I can make light of it now because I fully get that in the grand scheme of things, having a shitty race doesn't matter, like, at all. Still, I'm disappointed. My training for Waldo went really well and I'm healthy and uninjured for the first time in years so I was expecting good things. Maybe even great things if I'm being completely honest.
Since joining the SWAP (Some Work, All Play) training group in February and working with coach David Roche, I've been logging some of the biggest mileage weeks I've ever done and instead of getting sick or worn down like I have in the past with larger training loads, I'm feeling strong, fit and happy and that in itself is a huge accomplishment.
Earlier in the year, I made the conscious decision to race less with the hope that I would enjoy racing more. I only did one 50k event (Slay the Dragon) leading up to Waldo and I can see now that that was probably a mistake. While my stomach held for 50k at Slay the Dragon, it was starting to go off by the end of the race which is about the same point things went sideways at Waldo.
And I think I took for granted that I didn't have any nutrition issues on my long training runs. But then again, I never do! It seems there's something about racing that triggers a seriously leaky gut and I have yet to find a solution for it. The other possibility is that I've developed a psychosomatic aversion to racing that manifests itself in severe and prolonged vomiting episodes in events over 50k. Either way, it blows...chunks - ha, ha.
Race week was dreamy. I slept well, ate well and even gave up beer (mostly). I couldn't have asked for a better lead up to a big race. I was so excited to run this one. Having seen a lot of the course beforehand, I knew it was totally up my alley - non-technical, cruise-y singletrack trails with lots of climbing. It's like a roller coaster made for running.
The first half of the race flew by uneventfully. I was pacing well and staying on top of my food and hydration. I had a minor fall descending the rocky summit of Mt. Fuji leading to a bloodied knee and shoulder which the aid station volunteers wanted to clean up, but I politely refused because A. it didn't hurt and B. I thought it looked badass.
|My only photo from Waldo|
It was an absolutely miserable 8+ hour period of my life that I would love to get back. I probably should have dropped out earlier but quitting is no fun either and I was pretty sure I could make the cut-offs even in my compromised state. Plus, I really needed another trucker hat for my collection...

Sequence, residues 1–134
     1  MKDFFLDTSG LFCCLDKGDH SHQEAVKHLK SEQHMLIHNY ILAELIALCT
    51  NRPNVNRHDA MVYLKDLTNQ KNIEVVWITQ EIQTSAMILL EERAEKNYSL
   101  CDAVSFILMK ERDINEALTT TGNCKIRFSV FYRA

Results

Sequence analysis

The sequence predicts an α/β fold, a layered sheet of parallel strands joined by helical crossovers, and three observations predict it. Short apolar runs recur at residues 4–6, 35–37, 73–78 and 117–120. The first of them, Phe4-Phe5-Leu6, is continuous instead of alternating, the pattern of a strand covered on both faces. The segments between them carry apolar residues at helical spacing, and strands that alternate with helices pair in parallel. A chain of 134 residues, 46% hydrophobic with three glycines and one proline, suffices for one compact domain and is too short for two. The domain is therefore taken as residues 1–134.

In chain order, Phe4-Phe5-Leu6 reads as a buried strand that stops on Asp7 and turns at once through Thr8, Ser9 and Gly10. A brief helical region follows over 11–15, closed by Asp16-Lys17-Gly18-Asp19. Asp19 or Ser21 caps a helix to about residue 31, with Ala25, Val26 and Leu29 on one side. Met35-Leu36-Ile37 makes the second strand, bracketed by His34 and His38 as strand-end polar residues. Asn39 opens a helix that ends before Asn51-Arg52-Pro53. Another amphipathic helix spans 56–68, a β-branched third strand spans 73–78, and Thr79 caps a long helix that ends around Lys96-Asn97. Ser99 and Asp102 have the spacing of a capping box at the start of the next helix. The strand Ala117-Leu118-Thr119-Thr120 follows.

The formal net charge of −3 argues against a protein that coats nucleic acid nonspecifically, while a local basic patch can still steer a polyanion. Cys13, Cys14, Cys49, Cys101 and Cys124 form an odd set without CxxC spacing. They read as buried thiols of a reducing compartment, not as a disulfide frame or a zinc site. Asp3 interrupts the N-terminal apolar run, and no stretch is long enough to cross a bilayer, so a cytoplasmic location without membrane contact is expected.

Fortunately, there were some lighter moments. In a failed attempt to win a booby prize (not real boobies), I decided to go for the Show Us Your Waldo (also not what you're thinking) contest which is a spirit award voted on by the aid stations. Lacking any real talent, the best I could come up with was to Prancercise in and out of the aid stations. Yes, Prancercise. Based on the blank - and often confused - stares I received, it seems not a lot of people are familiar with Prancercising. If you're one of them, I suggest you check out the video below. It's kinda awesome! (But didn't win me the prize.)
I also met my doppelganger at Waldo and she's a lovely wife and mother of one from Bend, Oregon, and her husband and daughter were very excited to point out that not only do we bear an uncanny resemblance and race day fashion sense, but apparently we also run the same and share a fondness for stopping to pets dogs at aid stations.
And then there were the amazing ladies running the med tent at the finish who were able to give me a wonderful prescription strength anti-nausea medication that fixed me up well enough that within a couple of hours of staggering across the line (with Dora by my side!) I was up and actually able enjoy some of the post-race festivities that Rainshadow Running is known for - like pizza!
It was sweet how many other racers who had seen me struggling on the course stopped by after the race to tell me they were happy that I finished. Apparently, I looked as bad as I felt out there!? This sense of community created out on the trails - in good times and bad - is one of the best things about ultra racing.